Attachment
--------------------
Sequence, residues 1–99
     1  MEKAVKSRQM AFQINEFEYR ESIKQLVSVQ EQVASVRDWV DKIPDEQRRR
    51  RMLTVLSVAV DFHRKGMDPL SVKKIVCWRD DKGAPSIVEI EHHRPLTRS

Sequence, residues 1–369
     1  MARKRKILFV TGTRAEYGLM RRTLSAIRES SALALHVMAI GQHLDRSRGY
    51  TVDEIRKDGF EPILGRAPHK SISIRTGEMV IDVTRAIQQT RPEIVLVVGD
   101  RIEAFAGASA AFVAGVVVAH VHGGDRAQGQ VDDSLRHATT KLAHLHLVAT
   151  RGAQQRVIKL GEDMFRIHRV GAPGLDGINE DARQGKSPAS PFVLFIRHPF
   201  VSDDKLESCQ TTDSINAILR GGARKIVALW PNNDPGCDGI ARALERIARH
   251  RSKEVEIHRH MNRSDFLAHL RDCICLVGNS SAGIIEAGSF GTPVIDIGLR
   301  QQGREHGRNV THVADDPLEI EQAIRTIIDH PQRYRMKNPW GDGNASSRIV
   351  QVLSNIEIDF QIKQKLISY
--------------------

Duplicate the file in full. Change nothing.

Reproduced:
Sequence, residues 1–99
     1  MEKAVKSRQM AFQINEFEYR ESIKQLVSVQ EQVASVRDWV DKIPDEQRRR
    51  RMLTVLSVAV DFHRKGMDPL SVKKIVCWRD DKGAPSIVEI EHHRPLTRS

Sequence, residues 1–369
     1  MARKRKILFV TGTRAEYGLM RRTLSAIRES SALALHVMAI GQHLDRSRGY
    51  TVDEIRKDGF EPILGRAPHK SISIRTGEMV IDVTRAIQQT RPEIVLVVGD
   101  RIEAFAGASA AFVAGVVVAH VHGGDRAQGQ VDDSLRHATT KLAHLHLVAT
   151  RGAQQRVIKL GEDMFRIHRV GAPGLDGINE DARQGKSPAS PFVLFIRHPF
   201  VSDDKLESCQ TTDSINAILR GGARKIVALW PNNDPGCDGI ARALERIARH
   251  RSKEVEIHRH MNRSDFLAHL RDCICLVGNS SAGIIEAGSF GTPVIDIGLR
   301  QQGREHGRNV THVADDPLEI EQAIRTIIDH PQRYRMKNPW GDGNASSRIV
   351  QVLSNIEIDF QIKQKLISY